Friday, September 11, 2015

My Remembrance of September 11, 2001 [Revisited]

The following is my annual repost of my personal remembrance of September 11, 2001, with slight revisions and additions. . .

Today is the day when we look at the calendar, and nearly flinch. September 11, 2001 is distant to us in many ways, but now--amazingly--for the 14th time, we've all looked at that calendar page and have been taken back to where we were that morning.

I'm republishing my personal account of what happened to me that day, written in the early days of my blog. My story is no more special than yours, I know. But on a day when the date is sure to be used by many for political purposes, I wanted to have one post up that just remembers the day.

Photo of United Airlines Las Vegas-based Flight Attendants'
memorial service at Sunset Park, September 2001
(Originally published in the Las Vegas Review-Journal)*

Posts I've made today, and earlier in this blog's short history, have discussed or are related to 9/11. I'd rather not let the day go by without giving you the reader--and me the blogger--a little more, minus the political rhetoric.

I've become a deeply cynical person, you might say, at least as it regards politics. This is particularly true lately. But on Tuesday, September 11th, 2001 I wasn't thinking about any of that. Everyone who witnessed that day has their own story. Mine is no more relevant than yours, and is surely less traumatic than many.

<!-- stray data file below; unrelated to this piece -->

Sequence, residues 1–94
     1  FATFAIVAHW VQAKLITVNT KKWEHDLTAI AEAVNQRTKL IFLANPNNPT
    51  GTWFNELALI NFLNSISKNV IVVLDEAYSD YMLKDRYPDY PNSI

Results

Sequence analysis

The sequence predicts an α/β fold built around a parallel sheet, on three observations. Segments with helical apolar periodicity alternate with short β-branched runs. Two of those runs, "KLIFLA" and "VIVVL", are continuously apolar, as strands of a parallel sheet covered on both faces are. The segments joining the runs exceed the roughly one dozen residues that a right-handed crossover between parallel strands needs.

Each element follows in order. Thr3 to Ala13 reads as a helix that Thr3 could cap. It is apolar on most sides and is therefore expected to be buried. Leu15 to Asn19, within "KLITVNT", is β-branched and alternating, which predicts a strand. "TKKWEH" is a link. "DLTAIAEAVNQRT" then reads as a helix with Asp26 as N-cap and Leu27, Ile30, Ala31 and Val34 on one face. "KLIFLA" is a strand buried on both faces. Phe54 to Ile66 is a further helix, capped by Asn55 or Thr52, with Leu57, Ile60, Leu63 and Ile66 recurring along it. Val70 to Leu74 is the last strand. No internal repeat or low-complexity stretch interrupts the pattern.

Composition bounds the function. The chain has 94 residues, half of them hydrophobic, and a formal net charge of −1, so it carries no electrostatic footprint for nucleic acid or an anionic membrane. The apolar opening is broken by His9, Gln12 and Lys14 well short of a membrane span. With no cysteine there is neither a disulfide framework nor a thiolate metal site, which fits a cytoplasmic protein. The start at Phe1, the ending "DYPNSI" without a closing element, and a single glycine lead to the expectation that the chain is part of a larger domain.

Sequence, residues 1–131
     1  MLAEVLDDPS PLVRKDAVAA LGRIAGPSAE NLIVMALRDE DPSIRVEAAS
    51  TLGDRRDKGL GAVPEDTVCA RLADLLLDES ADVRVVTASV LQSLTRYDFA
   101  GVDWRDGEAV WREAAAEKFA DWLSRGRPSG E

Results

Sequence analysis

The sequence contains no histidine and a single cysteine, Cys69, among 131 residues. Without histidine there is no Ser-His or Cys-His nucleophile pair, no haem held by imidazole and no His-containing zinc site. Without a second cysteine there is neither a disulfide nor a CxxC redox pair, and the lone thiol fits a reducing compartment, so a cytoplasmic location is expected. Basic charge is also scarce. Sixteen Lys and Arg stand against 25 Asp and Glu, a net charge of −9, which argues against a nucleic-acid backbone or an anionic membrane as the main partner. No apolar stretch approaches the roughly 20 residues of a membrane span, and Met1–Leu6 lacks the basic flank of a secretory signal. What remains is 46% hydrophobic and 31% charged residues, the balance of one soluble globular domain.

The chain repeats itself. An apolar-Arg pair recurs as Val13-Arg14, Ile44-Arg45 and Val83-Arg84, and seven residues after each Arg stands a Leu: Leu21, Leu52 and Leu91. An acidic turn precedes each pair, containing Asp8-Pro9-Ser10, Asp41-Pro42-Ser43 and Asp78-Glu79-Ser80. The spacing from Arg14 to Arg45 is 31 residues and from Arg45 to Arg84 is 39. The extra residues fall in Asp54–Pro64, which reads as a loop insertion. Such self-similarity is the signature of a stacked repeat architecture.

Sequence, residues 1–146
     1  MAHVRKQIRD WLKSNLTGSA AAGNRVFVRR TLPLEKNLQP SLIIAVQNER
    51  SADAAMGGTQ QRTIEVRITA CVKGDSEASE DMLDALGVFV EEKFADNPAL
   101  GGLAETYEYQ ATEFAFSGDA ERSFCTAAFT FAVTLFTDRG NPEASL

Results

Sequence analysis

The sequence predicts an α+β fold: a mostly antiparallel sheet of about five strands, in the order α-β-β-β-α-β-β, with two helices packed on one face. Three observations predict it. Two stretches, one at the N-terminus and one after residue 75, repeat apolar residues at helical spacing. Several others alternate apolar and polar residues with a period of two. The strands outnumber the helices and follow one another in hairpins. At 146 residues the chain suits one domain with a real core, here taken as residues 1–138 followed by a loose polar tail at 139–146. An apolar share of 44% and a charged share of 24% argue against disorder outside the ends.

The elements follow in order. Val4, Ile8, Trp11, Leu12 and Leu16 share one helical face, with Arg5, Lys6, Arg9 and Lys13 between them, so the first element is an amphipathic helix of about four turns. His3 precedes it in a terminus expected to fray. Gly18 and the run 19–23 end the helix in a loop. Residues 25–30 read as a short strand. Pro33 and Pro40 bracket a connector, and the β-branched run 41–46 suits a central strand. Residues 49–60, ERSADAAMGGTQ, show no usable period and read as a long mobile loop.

I awoke that morning at my usual time, somewhere between 6:30 and 6:45 am. I had finished my morning ritual, and was just buttoning up my clothes when the phone rang. It was our friend, Larry, an American Airlines flight attendant, and he was crying. "Two planes have just hit the World Trade Center," he managed between sobs. This was startling news, but not yet sufficiently alarming for me to change my routine.

I passed the phone to The Other Half, and turned on the bedroom TV. There it was, and the slight alarm turned to a sinking feeling. This was big. We quickly learned that it was both United's and American Airlines' planes that hit the buildings, causing high alarm in the room, and on the other end of the phone. The Other Half, and our next-door neighbor/friend, were [and still are] both United flight attendants. And the neighbor was on a trip at an unknown location. My heart sank, and I nearly sobbed myself--with relief--that my partner was right there in the room with me, accounted for.

Not fully realizing the impact of what had happened, I began my journey to work. I switched on the radio, and was very shortly informed that the Pentagon was on fire. They did not yet know the cause. When I pulled into the parking lot at work, the radio announcer said that a plane was believed to have crashed in Pennsylvania. There was an erroneous report about an explosion somewhere else (maybe the White House?).  I said out loud, "the sky is falling." I fully expected at that point that a wave of attacks would continue throughout the morning. Thankfully, that did not come to pass.